Inflation-fighting blundersThe new administration’s measures to stabilize consumer prices are similar to those from 30 years ago when economic growth was emphasized as the country’s primary goal. As soon as the president said measures to stabilize prices should be prepared, ministries started regulating prices, as was done in the 1970s and 1980s.
It is understandable if the government wants to regulate prices for public goods and services, which it directly controls, but it is not right for the government to regulate prices in the private sector. The benefits are doubtful and such attempts might disturb the market’s function.
The outline of government measures to stabilize prices is to identify which goods are being hoarded, analyze manufacturing costs when product prices increase and find ways to lower them, and form a monitoring team to regulate excessive increases in prices and the practice of hoarding.
These are exactly the same measures as were taken 30 years ago, even though the economy has gotten several times bigger and the country has long outgrown a government-driven economy.
In the world’s 13th-largest economy in the 21st country, the government is threatening not to let the price of ramen noodles go up by more than 90 won (10 cents). If a company has steel rebar stocks above a certain amount, the government categorizes it as hoarding.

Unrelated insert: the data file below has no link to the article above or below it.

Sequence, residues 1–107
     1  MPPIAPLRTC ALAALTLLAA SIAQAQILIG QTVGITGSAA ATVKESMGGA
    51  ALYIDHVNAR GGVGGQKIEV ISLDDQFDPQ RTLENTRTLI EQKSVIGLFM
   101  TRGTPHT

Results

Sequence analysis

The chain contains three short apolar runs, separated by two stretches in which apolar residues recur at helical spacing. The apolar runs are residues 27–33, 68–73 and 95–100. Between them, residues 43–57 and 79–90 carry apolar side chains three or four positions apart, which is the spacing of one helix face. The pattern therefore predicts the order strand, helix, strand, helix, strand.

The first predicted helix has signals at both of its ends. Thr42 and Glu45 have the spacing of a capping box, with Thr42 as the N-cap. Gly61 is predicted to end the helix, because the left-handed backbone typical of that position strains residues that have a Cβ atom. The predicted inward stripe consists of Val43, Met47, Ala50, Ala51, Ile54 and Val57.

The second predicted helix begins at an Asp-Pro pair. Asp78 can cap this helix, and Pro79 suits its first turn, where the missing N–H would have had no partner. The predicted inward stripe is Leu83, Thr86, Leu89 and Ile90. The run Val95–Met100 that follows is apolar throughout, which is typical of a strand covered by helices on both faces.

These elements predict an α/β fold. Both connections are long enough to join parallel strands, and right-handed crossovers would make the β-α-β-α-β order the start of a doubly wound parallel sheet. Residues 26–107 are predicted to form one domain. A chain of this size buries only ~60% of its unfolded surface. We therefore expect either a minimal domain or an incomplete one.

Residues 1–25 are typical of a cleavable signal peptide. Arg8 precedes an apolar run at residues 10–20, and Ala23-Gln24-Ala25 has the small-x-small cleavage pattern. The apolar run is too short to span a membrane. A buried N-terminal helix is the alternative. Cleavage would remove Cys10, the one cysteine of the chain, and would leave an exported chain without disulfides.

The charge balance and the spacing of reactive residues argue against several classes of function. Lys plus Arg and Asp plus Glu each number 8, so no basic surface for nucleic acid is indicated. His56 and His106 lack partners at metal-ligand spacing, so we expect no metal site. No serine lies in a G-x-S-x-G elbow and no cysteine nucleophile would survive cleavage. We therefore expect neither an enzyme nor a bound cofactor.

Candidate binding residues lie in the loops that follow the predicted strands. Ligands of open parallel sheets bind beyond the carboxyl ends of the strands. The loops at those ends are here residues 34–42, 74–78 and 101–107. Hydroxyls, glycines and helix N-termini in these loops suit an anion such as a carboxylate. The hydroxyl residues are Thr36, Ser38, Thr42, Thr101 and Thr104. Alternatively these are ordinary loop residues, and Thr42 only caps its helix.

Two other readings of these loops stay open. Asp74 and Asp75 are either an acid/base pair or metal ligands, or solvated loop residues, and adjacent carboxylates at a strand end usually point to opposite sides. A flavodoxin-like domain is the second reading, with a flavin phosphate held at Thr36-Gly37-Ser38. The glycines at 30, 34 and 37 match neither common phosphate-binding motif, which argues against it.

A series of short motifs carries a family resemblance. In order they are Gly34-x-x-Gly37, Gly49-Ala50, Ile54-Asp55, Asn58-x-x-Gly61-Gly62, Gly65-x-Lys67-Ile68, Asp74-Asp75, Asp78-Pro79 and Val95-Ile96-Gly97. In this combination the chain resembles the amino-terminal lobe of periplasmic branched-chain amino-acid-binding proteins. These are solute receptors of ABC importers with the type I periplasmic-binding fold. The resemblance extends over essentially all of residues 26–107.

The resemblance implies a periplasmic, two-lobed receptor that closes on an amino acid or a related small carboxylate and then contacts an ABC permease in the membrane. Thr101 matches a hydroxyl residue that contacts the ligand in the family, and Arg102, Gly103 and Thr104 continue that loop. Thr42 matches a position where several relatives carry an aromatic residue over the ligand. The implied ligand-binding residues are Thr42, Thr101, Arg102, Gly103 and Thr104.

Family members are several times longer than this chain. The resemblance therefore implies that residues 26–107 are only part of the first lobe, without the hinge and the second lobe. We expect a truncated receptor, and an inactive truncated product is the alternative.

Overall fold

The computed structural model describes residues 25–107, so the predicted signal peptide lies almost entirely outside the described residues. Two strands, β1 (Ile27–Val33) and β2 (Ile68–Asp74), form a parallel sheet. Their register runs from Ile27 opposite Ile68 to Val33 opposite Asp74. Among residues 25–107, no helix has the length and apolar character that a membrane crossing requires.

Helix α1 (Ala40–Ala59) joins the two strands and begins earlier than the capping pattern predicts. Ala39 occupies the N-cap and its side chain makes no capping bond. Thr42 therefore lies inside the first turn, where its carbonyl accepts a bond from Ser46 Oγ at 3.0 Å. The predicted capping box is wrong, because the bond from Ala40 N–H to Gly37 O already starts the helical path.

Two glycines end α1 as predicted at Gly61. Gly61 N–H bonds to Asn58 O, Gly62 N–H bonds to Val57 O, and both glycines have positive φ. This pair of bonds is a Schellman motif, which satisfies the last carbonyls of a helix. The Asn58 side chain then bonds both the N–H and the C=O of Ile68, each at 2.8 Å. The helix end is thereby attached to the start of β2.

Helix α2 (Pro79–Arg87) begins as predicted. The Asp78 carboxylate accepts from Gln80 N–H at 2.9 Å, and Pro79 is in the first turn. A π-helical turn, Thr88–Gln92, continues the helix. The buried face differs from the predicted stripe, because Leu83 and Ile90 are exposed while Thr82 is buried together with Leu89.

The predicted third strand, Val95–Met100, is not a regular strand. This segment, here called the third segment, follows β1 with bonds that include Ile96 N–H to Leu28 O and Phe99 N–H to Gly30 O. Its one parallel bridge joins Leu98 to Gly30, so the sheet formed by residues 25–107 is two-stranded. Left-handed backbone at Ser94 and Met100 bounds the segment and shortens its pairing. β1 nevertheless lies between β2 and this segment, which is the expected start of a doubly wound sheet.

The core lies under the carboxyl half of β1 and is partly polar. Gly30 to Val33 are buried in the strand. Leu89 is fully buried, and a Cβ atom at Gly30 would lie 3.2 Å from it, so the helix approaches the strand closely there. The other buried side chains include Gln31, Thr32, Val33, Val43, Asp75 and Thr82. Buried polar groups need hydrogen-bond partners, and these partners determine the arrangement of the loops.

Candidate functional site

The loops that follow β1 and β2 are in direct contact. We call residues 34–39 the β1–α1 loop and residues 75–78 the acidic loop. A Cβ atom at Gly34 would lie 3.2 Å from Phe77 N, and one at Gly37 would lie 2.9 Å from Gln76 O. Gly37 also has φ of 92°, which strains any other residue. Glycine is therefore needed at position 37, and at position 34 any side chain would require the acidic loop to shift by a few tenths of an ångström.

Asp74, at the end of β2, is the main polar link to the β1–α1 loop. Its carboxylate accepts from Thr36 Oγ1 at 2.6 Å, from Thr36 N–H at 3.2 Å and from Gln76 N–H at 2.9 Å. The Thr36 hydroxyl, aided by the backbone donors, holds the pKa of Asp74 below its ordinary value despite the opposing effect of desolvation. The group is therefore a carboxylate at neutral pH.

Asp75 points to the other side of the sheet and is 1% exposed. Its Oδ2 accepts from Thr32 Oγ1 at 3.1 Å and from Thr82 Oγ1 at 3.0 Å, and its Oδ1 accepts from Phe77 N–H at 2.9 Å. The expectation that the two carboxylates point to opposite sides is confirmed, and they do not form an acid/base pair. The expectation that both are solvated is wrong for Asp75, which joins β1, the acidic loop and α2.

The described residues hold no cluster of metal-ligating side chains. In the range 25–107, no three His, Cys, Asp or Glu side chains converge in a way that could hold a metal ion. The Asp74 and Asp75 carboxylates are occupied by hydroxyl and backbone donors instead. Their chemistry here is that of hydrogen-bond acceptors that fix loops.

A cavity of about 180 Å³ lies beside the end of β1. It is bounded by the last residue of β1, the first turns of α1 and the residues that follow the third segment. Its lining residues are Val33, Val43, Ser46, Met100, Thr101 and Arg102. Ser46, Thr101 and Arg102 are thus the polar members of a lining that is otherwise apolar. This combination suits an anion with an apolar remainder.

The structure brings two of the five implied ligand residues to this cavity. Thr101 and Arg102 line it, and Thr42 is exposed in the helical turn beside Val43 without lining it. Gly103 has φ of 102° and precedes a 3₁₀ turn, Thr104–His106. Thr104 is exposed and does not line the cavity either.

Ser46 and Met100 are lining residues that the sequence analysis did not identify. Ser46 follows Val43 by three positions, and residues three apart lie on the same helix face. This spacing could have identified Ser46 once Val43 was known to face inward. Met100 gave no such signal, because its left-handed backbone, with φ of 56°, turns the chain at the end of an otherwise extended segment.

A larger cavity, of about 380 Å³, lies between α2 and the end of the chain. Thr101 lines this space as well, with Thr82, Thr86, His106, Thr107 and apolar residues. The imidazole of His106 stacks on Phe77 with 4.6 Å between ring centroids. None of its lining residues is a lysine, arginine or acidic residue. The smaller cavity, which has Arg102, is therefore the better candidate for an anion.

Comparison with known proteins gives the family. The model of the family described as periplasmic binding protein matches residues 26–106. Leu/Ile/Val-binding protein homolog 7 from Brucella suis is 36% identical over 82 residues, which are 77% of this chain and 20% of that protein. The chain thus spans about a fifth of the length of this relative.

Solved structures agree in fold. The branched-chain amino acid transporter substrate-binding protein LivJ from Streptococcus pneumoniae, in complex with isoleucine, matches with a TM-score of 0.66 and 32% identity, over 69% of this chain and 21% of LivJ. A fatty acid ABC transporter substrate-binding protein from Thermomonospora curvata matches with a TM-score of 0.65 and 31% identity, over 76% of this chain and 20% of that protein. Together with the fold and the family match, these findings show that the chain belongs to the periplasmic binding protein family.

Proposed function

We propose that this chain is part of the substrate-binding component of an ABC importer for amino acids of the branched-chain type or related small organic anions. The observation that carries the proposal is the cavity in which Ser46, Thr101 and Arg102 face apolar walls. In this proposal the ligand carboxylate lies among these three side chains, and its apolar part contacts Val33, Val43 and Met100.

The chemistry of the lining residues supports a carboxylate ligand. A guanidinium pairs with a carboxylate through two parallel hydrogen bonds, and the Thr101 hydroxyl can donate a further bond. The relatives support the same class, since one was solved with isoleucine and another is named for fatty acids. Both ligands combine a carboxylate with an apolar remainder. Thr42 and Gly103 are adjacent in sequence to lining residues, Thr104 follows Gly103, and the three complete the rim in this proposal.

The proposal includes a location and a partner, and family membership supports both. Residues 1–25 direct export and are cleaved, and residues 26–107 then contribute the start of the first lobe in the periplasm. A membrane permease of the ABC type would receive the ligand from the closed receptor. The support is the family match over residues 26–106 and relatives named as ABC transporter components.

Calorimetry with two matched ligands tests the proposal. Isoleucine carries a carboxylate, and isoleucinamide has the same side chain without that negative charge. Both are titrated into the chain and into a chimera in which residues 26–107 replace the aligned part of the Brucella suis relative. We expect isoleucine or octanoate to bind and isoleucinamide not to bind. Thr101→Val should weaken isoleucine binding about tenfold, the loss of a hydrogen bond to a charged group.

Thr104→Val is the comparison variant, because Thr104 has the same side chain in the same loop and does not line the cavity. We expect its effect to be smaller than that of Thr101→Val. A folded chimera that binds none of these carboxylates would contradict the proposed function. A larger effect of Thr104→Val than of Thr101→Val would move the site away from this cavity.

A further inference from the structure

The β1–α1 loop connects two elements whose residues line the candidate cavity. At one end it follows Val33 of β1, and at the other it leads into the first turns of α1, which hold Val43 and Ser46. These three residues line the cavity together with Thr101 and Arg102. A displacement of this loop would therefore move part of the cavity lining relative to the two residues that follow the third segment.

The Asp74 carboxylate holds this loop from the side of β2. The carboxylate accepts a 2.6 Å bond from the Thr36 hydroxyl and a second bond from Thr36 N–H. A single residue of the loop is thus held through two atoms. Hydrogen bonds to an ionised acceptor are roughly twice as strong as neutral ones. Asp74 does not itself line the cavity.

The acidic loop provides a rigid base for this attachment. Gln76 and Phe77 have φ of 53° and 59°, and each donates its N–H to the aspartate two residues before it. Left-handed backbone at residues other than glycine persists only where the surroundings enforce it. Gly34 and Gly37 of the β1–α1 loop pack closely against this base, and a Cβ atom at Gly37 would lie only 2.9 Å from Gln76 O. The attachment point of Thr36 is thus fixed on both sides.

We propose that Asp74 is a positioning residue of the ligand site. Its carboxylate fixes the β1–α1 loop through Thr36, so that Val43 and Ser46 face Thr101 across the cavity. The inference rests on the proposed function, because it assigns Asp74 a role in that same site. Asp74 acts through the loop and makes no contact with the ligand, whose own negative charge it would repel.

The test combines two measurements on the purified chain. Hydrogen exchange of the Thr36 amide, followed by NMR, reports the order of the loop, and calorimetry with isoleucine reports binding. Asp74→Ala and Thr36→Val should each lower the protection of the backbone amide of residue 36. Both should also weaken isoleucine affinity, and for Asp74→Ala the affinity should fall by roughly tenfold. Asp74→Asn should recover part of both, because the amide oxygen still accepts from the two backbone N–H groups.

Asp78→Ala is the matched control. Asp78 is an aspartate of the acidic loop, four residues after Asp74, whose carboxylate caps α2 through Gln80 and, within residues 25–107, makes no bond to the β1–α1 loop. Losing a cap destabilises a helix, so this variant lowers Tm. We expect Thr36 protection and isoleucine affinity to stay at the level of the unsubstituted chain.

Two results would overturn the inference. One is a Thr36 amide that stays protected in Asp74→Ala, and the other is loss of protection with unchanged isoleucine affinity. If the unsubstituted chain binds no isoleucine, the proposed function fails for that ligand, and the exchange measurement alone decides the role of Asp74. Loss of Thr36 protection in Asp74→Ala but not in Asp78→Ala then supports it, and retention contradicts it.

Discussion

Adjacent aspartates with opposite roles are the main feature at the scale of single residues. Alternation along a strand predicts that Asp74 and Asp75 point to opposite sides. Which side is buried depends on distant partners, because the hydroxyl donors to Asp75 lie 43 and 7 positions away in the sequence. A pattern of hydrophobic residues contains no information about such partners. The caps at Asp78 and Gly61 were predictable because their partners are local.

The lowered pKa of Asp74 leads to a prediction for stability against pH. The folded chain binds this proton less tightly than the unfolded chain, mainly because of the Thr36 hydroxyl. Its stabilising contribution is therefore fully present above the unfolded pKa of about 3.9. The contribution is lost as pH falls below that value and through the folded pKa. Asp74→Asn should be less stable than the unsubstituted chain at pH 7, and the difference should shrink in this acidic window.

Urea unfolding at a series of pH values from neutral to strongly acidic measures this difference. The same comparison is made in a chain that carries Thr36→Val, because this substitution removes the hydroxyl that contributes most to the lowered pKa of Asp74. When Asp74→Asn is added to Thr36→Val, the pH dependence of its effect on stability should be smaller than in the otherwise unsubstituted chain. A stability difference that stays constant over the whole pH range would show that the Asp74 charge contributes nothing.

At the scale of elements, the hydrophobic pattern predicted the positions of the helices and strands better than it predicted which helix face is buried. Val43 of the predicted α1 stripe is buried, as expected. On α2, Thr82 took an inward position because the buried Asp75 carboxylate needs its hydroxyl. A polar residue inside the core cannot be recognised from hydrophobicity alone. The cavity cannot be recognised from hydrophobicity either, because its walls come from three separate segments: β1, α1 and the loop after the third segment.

There is no way for civil workers to determine the manufacturing costs for ramen or what are reasonable stocks of steel bars. If the situation persists, the government might find itself deciding supply and demand of all products whose prices go up and reasonable quantities of stock for logistics companies. This is not a market economy. The administration said it would respect market principles but it is distrusting and ignoring them from the early stages of its term.
Inflation these days is being caused by a surge in raw materials prices such as oil, iron ore and grain, which lead to increased manufacturing costs. To press those who sell end products is not the right solution. Consumers might suffer for the time being but if things are left to the market, people will adapt and survive inflation, which is one of the merits of the market economy.
Without government intervention, people will save money and find ways to economize. The government must not waste energy on old-fashioned price regulation. Instead, it must focus on enhancing competitiveness by lifting regulations.
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